The emerging field of One Health builds from the knowledge that human health is deeply interconnected with environmental health and animal health, and uses this research perspective to solve complex health problems both locally and globally.
The more we understand about human health, the more we see that it is deeply intertwined with the health of animals and the environment. This new field of research, called One Health, recognizes that the health of all living things is woven together as one. One Health research looks at human health in the context of these deep connections between people and the natural world.
One Health researchers study a range of critical problems, such as water quality, pollutants in the environment, and the transfer of diseases from animals to humans (called “zoonotic diseases”). Using this comprehensive approach, researchers can understand how the environment impacts human health and find solutions to fight disease and other negative health effects. The COVID-19 pandemic, which has a zoonotic origin, presents a timely example of how we are all globally connected to each other and the environment.
One Health Research Initiative
Frank von Hippel, PhD
At the Zuckerman College of Public health, we have always understood public health in the context of social and environmental factors. The new public health focus on One Health affirms and enhances this approach. Our faculty, especially in the field of exposure science, have been conducting research that investigates the impacts of environmental pollution on human health for many years, working with tribes, farmworkers, firefighters, and many others in Arizona and globally.
Building on this experience and success, the college launched its new One Health Research Initiative (OHRI) last year and recruited Frank von Hippel, PhD, to the Department of Community, Environment and Policy, to lead the OHRI. Frank brings a wealth of experience in One Health research. He leads research projects that explore the nexus of ecotoxicology, mechanisms of toxicity, and health disparities. Frank often uses locally occurring wildlife as models for human exposure and disease to track contaminants, and he consistently focuses on health disparities experienced by vulnerable populations. To engage impacted communities with the research and the outcomes, Frank employs a Community Based Participatory Research (CBPR) approach that brings community members into the process from start to finish.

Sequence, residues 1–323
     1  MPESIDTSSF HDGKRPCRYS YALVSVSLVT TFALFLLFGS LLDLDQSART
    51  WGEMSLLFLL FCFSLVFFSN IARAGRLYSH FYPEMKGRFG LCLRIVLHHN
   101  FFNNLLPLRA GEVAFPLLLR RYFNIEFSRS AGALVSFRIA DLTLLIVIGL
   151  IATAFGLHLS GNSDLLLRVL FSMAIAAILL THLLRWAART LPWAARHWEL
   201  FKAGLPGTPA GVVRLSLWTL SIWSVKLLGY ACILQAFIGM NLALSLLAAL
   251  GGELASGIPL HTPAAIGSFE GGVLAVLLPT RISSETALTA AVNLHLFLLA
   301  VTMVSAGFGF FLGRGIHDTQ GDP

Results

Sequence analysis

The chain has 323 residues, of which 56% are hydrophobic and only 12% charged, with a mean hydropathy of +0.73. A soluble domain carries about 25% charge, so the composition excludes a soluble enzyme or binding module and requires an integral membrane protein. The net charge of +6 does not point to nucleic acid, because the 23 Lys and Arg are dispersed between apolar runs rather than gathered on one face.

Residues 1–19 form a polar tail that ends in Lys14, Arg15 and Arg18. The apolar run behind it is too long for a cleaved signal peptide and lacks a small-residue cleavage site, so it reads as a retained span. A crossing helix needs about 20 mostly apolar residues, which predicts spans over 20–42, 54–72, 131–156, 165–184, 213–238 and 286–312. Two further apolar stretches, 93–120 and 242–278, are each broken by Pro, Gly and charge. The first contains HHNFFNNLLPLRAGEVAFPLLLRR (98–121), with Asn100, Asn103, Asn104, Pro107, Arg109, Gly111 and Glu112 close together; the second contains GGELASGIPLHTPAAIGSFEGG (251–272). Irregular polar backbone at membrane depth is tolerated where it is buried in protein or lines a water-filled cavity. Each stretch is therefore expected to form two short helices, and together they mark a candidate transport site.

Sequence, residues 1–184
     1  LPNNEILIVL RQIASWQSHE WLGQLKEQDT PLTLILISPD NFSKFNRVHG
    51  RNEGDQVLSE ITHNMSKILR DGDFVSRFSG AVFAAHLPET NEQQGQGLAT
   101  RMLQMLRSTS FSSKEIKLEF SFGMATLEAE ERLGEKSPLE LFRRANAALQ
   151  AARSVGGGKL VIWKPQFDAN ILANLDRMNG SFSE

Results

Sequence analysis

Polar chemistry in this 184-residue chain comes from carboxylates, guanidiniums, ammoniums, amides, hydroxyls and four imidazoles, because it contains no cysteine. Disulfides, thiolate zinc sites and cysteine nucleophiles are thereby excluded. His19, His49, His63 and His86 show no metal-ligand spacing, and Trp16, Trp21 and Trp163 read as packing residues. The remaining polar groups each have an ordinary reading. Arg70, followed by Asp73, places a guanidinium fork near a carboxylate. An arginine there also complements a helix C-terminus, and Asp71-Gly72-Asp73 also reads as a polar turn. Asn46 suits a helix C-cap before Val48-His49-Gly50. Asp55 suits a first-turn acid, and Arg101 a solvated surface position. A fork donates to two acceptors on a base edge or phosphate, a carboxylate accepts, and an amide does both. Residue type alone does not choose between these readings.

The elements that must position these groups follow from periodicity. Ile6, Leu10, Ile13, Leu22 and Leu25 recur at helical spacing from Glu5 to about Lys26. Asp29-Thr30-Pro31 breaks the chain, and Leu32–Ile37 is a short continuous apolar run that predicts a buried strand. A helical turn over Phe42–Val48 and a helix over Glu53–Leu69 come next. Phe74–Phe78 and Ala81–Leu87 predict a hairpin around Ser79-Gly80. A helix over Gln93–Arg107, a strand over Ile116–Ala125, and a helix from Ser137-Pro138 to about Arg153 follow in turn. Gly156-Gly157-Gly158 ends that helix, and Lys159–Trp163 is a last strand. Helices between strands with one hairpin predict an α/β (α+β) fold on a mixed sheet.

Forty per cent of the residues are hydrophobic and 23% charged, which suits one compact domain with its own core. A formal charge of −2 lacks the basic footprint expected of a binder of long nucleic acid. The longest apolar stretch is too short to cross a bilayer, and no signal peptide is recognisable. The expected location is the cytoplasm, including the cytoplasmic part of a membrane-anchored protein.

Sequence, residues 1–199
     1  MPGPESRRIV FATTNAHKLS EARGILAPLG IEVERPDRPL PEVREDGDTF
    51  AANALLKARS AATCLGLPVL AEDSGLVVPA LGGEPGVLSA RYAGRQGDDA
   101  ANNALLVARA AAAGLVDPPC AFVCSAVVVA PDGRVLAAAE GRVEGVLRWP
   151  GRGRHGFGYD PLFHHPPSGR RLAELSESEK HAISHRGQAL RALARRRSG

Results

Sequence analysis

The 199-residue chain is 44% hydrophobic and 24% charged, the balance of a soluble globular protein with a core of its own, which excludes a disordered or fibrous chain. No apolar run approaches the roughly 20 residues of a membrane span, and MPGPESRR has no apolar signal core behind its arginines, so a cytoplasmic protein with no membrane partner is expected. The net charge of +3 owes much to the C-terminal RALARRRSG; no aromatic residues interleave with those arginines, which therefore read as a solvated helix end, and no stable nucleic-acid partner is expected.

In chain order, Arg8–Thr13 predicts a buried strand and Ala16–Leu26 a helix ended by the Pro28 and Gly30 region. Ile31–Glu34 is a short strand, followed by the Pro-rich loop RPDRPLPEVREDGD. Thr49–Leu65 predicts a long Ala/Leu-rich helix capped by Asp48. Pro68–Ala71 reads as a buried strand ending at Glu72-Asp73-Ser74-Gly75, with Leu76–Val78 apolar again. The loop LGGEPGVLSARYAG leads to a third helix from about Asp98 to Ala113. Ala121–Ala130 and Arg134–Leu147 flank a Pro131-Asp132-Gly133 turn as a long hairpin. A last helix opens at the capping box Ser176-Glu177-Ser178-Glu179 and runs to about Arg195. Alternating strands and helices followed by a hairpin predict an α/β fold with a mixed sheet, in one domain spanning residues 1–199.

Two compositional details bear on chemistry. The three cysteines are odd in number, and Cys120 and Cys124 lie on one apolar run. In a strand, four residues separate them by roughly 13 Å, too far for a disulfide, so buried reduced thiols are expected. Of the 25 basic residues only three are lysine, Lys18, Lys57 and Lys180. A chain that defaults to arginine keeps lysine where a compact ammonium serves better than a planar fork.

“My research combines contaminant chemistry, molecular biology, physiology, ecology, and public health. I’m often looking at contaminants in the environment, understanding where they occur, and how they impact the health of humans and the ecosystem,” said von Hippel, “I work closely with the communities affected by contaminants, so they become involved in the research, understand the science, and advocate for change to mitigate the harm they experience.”
Frank’s research has been widely covered in the press, including The New York Times, National Public Radio, The Economist, the BBC, and many other media outlets. He hosts the Science History Podcast, and loves to write about science for both technical and general audiences. His book The Chemical Age, published in September 2020 by The University of Chicago Press, charts the history of how humans invented pesticides to prevent famine and pandemics, and how those same chemicals then resulted in unintended consequences when they harmed ecosystems and human health – a complex and compelling story that confronts many contemporary public health problems.
One Health often focuses on local environmental challenges, and at the same time this lens brings a global perspective on health. For example, researchers study the health repercussions of climate change, and how shifts in temperature (often accompanied by droughts or floods) impact broader health outcomes. Humans depend on the cycles that sustain life on earth – the water cycle, the carbon cycle, the energy cycle. Along with all other living things, we need clean water, clean air, and healthy ecosystems to thrive. One Health research brings this global interwoven perspective, and researchers investigate the web of connections so that we can cultivate a healthy environment that will guide us towards a bright future for all human communities.
One Health Research Projects Around the World
Frank von Hippel’s research expertise has taken him to many corners of the world to study how pollutants impact the environment and the people who live there. Using a CBPR approach, Frank engages with the local community to participate in the research on chemicals that affect community health, thereby connecting the people with the science and working collaboratively to chart a course to healing. In addition, students are involved in all of these research projects, a priority for all research projects in the college so we engage and train the next generation of public health researchers in One Health.
St. Lawrence Island, Alaska
Working with the Yupik Tribe on St. Lawrence Island in the Bering Sea, Frank and his team of community members and scientists investigate health impacts due to environmental contaminants from US military installations dating from the Cold War. With NIH funding, the team works collaboratively to identify risks, mitigate exposure, and conduct health interventions.
Unalaska Island, Alaska
Working with the Qawalangin Tribe on Unalaska Island in the Aleutians, Frank and his team of community members and scientists research the migration of contaminants from decommissioned military sites into local ecosystems and subsistence foods. Pending NSF funding will support community-centered solutions to sustainably manage public health risks of human exposure to pollutants.
Yuma County, Arizona